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Instead of declaring each function as "static" in a class, is there any way that I can make a class itself "static"?

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closed as too localized by tereško, PeeHaa, Bhavik Ambani, shiplu.mokadd.im, Ed Heal Dec 25 '12 at 5:29

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1  
what are you trying to accomplish with a "static" class? –  dnagirl Nov 10 '09 at 13:04
    
What's the difference between a static class and a module/file filled with the functions? –  workmad3 Nov 10 '09 at 13:11
    
@dnagirl: I want to call it's functions without adding "require...". The methods in the class must be directly accessible. –  RKh Nov 10 '09 at 13:11
    
@workmad3: An ordinary class can contain static as well as non-static methods, whereas, I want a way to make all methods as static, by default. –  RKh Nov 10 '09 at 13:13
    
@workmad3 - it gives you pseudo namespace support (which given the kludge that PHP namespaces have turned out to be, may be just as good as the proper thing) –  iAn Nov 10 '09 at 13:14
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5 Answers 5

up vote 2 down vote accepted

I'd say the best way to go is to prevent object instantiation through a private constructor and explicitly marking all methods as static. Although you have to be careful to mark all methods as static (which is the result of static classes not existing in PHP), the benefit of this method over the Singleton approach is that static methods are more efficient than their non-static counterparts. You probably also want your class marked as final, as most static classes are not designed to be extended anyway (and it is good practice to do so).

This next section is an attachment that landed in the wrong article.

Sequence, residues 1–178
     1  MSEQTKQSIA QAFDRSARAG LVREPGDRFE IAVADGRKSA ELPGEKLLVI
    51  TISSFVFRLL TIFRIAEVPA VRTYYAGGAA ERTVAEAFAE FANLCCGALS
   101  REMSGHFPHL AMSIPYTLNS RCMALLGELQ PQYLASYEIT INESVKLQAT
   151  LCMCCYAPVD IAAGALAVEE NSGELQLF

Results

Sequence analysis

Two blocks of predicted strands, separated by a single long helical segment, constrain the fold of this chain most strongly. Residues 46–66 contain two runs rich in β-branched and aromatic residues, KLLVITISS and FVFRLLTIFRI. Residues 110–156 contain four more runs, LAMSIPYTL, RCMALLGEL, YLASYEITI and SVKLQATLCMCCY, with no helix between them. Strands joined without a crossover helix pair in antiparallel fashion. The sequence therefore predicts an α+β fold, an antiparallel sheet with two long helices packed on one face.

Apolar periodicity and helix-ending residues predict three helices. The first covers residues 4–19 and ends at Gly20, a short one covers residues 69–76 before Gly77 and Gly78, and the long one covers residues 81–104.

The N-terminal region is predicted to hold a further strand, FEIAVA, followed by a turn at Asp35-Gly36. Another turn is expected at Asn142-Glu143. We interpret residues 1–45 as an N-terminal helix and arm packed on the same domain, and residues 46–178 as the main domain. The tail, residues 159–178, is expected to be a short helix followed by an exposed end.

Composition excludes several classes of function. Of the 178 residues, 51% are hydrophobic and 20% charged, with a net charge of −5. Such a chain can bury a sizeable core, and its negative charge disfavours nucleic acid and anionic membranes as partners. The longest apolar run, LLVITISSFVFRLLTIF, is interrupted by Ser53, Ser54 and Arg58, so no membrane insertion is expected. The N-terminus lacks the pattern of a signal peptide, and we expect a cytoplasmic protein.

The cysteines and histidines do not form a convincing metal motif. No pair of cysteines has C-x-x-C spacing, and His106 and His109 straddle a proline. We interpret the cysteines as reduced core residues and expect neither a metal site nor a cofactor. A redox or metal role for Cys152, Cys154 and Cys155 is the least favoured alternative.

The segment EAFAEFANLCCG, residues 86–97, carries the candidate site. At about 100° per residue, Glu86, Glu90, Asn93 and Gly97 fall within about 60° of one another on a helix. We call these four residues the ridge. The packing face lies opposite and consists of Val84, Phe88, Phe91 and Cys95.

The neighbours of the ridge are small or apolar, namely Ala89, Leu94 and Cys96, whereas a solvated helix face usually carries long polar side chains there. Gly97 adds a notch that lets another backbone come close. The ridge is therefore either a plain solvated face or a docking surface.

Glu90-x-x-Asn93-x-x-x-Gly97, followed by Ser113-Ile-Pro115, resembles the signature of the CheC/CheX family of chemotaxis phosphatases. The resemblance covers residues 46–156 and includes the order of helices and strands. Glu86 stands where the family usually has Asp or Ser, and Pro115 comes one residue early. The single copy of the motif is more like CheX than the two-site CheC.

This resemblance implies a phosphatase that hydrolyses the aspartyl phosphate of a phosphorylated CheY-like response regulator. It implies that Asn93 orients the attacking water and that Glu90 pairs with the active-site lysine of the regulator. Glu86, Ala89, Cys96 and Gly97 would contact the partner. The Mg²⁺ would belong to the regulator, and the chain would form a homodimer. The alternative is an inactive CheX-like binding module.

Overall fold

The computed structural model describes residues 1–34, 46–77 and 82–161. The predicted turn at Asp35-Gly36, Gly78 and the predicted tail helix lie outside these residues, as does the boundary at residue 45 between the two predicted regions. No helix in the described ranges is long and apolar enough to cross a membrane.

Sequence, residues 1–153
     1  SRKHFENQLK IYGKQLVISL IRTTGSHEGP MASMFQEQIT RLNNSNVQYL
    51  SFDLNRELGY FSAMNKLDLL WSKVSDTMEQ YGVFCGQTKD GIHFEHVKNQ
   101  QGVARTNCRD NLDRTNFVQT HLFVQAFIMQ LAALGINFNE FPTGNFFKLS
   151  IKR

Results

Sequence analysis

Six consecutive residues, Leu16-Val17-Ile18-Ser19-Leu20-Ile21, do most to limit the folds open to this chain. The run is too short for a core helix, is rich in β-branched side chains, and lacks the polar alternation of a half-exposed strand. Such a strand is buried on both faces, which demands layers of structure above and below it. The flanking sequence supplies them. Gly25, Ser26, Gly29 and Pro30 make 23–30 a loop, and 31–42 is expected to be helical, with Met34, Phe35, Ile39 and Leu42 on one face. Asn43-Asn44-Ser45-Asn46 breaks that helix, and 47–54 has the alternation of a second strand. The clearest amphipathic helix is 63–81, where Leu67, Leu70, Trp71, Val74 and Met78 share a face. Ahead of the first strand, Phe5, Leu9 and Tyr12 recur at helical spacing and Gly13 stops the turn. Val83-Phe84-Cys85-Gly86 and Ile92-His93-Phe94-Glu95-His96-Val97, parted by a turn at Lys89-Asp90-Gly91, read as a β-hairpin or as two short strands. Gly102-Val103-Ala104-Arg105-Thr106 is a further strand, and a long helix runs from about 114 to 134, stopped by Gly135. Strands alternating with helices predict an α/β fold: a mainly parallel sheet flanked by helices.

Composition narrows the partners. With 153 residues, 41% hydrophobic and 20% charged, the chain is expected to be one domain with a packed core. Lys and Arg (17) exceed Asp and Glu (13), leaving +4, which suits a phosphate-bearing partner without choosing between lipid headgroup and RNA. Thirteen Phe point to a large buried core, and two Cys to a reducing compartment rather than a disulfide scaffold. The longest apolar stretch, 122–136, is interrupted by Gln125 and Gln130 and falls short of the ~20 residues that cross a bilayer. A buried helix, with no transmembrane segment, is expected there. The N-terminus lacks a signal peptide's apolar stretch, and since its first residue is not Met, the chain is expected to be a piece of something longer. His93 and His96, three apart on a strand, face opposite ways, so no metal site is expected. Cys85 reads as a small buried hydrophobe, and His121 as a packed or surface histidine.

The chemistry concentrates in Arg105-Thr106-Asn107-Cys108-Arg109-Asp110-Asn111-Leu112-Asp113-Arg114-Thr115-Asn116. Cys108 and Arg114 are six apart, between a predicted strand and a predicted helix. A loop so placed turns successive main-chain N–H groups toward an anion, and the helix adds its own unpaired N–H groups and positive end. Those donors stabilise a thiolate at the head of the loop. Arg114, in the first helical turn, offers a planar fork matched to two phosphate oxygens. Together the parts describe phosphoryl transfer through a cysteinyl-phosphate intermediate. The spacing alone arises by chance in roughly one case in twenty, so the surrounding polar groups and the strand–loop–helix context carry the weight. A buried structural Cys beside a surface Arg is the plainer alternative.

An example would be something like this:

final class PseudoStatic {

  /**
   * Prevent object instantiation
   */
  private function __construct() {}

  static public function method1() {
    ...
  }

  static public function method2() {
    ...
  }

  ...
}

Furthermore, the Singleton pattern is now considered a bad practice by some.

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Not in PHP - you must mark every member as static that you wish to be static. For for information please see the PHP manual.

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There is nothing comparable to the (for ex.) Java static classes way. If you just want to collect function in a kind of library, you can set the __construct() and the __clone() methods to private. This will prevent the creation of instances.

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You can have a look to this page but I don't think you can declare the entire class as static.

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@mnml: Already seen that page before posting. Thanks anyway. –  RKh Nov 10 '09 at 13:13
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Or if what you really want to achieve is to only have one class instance, then make the constructor private and provide with a static instance() method. For example:

class PseudoStatic {

  static private $instance;

  private function __construct() {}

  static public function instance() {
    if (!self::$instance) {
      self$instance = new self;
    }
    return self::$instance;
  }

}

$instance = new PseudoStatic(); // error!
$instance = PseudoStatic::instance(); // force one instance only
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2  
This more a singleton like pattern and has nothing to do with static classes ... –  Mario Mueller Nov 10 '09 at 13:14
4  
This is the Singleton pattern, which is not the same as Static –  iAn Nov 10 '09 at 13:15
    
well, i'm suggesting a workaround since static class has not really existed yet in php5. maybe php6 or php7? for me, as long as a suggestion solve the problem, it doesn't really have to answer the question ;) –  Lukman Nov 10 '09 at 13:17
    
PHP won't need static classes, but this a question for the evangelists ;) –  Mario Mueller Nov 10 '09 at 13:17
1  
I believe Mario is suggesting referencing members of the static class as StaticClassName::StaticMethodName(); –  Cory House Nov 10 '09 at 13:28
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